As Ulster Bank and KBC prepare to leave the Irish market, pensioners Jane and Michael from Co Meath, say more face-to-face supports are needed for older people when it comes to switching banks.

They have been Ulster Bank customers for the past 35 years, and say they have received no help from the provider.

"We feel let down, it is as simple as that," Jane said.

While they have not yet received their account closure notice letter, from which date they will have six months to complete the process, they are already feeling the pressure.

"The closer it gets, the more anxiety provoking it is," Jane said.

"The biggest cause of anxiety is uncertainty.

"As the saying goes, fail to prepare, prepare to fail, and this is a case of the banks failing to prepare, and are we going to fail with them?" she asked.

After waiting four weeks for an in-person appointment, the couple managed to set up a new account with one of the remaining retail banks.

But they were initially told to set up the account online - something they were not comfortable with.

Michael said he felt like the bank didn’t want to give him an in-person appointment.

"When I said I wanted to open a joint account, then they gave me an appointment," he explained.

"But if it was a single account, they said to do it online."

Simply put, Michael said he would not have been able to set up an account online.

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"I’m the older generation and I didn’t grow up with computer technology," he said.

As the departure of the two banks edge ever closer, Michael and Jane will be hoping the exiting banks and the remaining providers, place a greater focus on their face-to-face support - especially for their older customers.

"The customer service has been disappointing, very disappointing," Jane said.

It's not just older people who have concerns about making the switch.

David McWeeney is switching banks for the second time in the space of a year.

He closed his account with Ulster Bank when he heard they were leaving the Irish market - and moved to KBC.

"I set up my new current account, credit cards, moved all of my direct debits over to KBC - and one month later they announced that they are also leaving the market which was just quite frustrating because I had just after moved everything over from Ulster Bank," he explained.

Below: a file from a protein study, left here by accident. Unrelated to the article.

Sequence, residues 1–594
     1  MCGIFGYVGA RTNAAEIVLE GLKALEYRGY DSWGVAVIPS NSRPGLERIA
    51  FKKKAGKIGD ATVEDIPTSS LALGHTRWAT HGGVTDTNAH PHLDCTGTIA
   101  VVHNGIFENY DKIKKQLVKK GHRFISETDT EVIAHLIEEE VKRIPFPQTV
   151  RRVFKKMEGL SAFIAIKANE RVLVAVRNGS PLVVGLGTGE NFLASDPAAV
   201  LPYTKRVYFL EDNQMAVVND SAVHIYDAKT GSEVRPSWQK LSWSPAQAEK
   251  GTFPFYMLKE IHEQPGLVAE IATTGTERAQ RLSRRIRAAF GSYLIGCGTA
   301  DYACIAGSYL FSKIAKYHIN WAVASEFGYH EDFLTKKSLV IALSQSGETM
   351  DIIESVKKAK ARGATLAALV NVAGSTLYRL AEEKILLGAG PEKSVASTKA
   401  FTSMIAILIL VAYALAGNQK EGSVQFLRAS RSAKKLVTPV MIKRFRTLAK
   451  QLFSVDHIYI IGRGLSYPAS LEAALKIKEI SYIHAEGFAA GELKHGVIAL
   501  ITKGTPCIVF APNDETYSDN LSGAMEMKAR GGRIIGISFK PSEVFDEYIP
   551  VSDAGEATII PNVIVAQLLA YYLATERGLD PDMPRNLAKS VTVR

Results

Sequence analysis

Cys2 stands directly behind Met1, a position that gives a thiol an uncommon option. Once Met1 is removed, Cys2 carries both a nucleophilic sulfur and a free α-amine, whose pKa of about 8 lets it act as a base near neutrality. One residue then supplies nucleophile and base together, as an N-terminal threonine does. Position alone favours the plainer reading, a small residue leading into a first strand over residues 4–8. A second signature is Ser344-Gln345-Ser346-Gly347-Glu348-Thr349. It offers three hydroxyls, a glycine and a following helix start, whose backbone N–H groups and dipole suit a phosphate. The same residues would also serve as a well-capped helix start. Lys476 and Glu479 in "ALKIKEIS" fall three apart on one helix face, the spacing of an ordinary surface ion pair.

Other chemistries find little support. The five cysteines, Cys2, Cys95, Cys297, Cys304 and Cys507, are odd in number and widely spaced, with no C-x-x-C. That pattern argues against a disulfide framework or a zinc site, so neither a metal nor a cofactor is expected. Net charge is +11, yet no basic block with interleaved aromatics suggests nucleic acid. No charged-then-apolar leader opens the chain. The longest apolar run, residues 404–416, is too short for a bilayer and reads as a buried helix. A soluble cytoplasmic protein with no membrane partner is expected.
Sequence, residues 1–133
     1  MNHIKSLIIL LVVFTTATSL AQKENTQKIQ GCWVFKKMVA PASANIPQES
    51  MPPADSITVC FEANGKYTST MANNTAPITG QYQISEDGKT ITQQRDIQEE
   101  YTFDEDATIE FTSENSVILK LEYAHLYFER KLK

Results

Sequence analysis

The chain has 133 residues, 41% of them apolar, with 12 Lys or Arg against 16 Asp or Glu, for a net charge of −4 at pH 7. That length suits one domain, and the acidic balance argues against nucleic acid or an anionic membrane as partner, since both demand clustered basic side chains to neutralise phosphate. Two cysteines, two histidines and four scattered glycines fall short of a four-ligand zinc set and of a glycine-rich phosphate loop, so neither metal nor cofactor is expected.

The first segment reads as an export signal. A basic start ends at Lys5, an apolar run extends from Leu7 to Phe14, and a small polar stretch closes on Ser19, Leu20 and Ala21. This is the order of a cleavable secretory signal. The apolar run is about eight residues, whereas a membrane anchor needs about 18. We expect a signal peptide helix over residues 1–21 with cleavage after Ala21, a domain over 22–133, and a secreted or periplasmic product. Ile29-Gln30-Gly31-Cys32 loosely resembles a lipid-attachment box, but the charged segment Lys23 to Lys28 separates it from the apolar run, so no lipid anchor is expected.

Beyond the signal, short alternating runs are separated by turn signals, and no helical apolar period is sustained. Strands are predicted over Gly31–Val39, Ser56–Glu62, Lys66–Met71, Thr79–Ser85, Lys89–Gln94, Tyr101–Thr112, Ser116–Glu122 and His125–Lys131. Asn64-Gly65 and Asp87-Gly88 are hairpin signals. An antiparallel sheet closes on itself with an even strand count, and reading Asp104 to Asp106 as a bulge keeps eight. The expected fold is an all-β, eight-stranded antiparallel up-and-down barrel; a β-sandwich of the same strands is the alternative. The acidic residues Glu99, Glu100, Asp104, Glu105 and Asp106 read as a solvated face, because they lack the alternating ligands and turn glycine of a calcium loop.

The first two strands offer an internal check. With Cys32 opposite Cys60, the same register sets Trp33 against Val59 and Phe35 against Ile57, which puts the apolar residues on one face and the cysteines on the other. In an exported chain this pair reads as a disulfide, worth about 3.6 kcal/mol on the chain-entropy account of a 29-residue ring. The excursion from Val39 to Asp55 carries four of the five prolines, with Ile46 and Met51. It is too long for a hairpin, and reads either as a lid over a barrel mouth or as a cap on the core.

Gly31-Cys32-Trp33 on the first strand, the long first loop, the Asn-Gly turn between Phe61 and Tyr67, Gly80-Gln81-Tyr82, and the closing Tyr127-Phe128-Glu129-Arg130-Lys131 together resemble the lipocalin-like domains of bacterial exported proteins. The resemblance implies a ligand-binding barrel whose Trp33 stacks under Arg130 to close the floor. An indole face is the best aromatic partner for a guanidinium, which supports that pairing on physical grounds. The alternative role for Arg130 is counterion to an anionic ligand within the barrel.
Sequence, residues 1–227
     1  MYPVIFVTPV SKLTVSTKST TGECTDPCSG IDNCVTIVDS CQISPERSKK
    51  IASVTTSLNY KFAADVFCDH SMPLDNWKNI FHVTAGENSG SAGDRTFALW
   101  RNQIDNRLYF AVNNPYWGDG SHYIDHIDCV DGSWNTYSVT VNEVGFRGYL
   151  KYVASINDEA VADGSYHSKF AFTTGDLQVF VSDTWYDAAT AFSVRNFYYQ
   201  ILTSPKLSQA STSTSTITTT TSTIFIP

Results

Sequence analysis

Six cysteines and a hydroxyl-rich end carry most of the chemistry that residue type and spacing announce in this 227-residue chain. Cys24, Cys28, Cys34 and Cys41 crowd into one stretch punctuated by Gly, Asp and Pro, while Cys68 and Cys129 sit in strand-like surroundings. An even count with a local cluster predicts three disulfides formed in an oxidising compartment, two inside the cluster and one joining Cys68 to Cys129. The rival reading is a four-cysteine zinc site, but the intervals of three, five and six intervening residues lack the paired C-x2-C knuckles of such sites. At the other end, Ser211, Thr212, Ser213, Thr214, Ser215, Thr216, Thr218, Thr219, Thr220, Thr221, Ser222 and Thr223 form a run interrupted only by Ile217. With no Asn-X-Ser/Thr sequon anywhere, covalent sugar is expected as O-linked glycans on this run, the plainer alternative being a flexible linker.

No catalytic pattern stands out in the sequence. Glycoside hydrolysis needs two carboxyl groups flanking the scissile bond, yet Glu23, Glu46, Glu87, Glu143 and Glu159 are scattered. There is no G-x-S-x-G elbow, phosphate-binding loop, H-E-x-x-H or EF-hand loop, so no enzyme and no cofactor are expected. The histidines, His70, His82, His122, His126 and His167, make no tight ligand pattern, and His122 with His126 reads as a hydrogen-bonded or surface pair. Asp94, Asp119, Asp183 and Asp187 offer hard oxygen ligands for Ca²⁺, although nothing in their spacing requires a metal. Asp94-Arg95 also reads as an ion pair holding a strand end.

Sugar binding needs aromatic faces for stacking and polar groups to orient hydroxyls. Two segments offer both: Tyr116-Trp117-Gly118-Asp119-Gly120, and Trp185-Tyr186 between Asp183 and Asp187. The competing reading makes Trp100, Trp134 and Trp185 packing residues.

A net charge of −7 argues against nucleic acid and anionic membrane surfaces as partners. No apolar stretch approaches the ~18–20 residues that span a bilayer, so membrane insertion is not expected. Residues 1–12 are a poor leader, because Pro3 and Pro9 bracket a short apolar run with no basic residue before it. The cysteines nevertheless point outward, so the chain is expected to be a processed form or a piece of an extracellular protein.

Mr McWeeney said switching banks at anytime is stressful, but the cost of living crisis is adding to the pressure.

"I have been dipping a lot more into my credit card this past six months or more, and it can be quite stressful when you are trying to think if this new bank will make it easy for me to move that deficit on my credit card over to their credit card.

"Will I be able to get as much credit or get verified for the credit limit that will cover my old credit card or will they make me pay it down before they close the account?

"So it can be quite stressful," he said.

KBC Customer Alex O’Mahony is also in the process of switching.

"I had put it on the long finger, but with all the press about nearly a million people looking to switch in the next six months between Ulster Bank and KBC, I said maybe I should get out ahead of it," Mr O’Mahony said.

He has set up a new account, but like many, he’s worried about transferring over his direct debits and payments to his new account.

"I am just worried that some of those will fall through the cracks," he said.

"You have to double check and triple check that you have got absolutely everything before you close that account out because what is going to happen is that your Netflix subscription could bounce if you haven’t transferred it, or your gym membership or something like that," he said.

The Central Bank switching code is supposed to help customers when it comes to switching banks.

But Daragh Cassidy from comparison website Bonkers.ie said it is not fit for purpose.

"There is a switching code in place, and under the switching code your new bank is supposed to help you switch over, but it is not really working to be honest.

"Even before Ulster Bank and KBC decided to leave and put pressure on the banking sector, there was always a little bit of hand-holding that took place when people tried to use the switching code," he explained.

Mr Cassidy is encouraging Ulster Bank and KBC customers to set up a new account as soon as possible.

"Most providers now allow you to open the account online yourself, without having to make any type of appointment, in the space of around ten minutes," he said.

If you are opting for the online route, Mr Cassidy said you will need to upload a number of items.

"You will need to take a selfie, a picture of your passport, and also a picture of a utility bill, lets say - for proof of address," he explained.

Then, once you have your account opened up, Mr Cassidy said you can work with Ulster Bank and KBC on identifying your direct debits, standing orders and payments - and gradually move them across.

"The last thing people want to do is to leave it until the last minute and then struggle to actually have a current account open or in place," he said.

Mr Cassidy said if you want to open a joint account or if you have a non-EU passport you may have to go into a branch to set up an account.

Also, for those who don’t feel comfortable setting up an account online, the advice is to book an appointment at the bank you want to move to.

"Do not leave it until the last minute because you are already looking of a wait of about a few weeks to get an appointment in a branch," Mr Cassidy said.